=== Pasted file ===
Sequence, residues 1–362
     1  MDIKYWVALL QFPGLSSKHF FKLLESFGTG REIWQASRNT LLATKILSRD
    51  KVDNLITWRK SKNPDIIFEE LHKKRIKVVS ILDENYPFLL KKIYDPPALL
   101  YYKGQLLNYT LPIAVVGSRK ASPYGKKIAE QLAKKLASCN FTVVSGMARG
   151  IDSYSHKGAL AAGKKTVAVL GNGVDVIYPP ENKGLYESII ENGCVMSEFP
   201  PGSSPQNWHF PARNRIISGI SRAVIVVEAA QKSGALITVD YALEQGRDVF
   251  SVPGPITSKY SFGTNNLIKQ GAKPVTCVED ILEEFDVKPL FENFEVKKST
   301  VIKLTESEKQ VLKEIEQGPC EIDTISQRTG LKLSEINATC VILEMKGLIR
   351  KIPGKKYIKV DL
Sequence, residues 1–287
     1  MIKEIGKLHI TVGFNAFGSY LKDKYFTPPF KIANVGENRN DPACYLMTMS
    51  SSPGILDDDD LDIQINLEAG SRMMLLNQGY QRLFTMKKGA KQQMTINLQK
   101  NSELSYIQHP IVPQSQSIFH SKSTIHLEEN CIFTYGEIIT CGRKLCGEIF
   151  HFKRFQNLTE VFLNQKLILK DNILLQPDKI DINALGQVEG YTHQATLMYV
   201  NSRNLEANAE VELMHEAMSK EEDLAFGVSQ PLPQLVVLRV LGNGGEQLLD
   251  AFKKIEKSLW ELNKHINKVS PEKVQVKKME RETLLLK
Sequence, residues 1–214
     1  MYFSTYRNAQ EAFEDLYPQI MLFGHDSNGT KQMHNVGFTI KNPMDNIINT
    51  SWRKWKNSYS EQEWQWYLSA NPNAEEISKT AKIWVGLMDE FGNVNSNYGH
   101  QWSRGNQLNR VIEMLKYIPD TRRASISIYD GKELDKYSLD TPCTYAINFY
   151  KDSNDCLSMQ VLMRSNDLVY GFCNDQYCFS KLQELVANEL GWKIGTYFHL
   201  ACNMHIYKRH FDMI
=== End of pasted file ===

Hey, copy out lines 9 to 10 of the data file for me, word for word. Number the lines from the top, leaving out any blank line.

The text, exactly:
   351  KIPGKKYIKV DL
Sequence, residues 1–287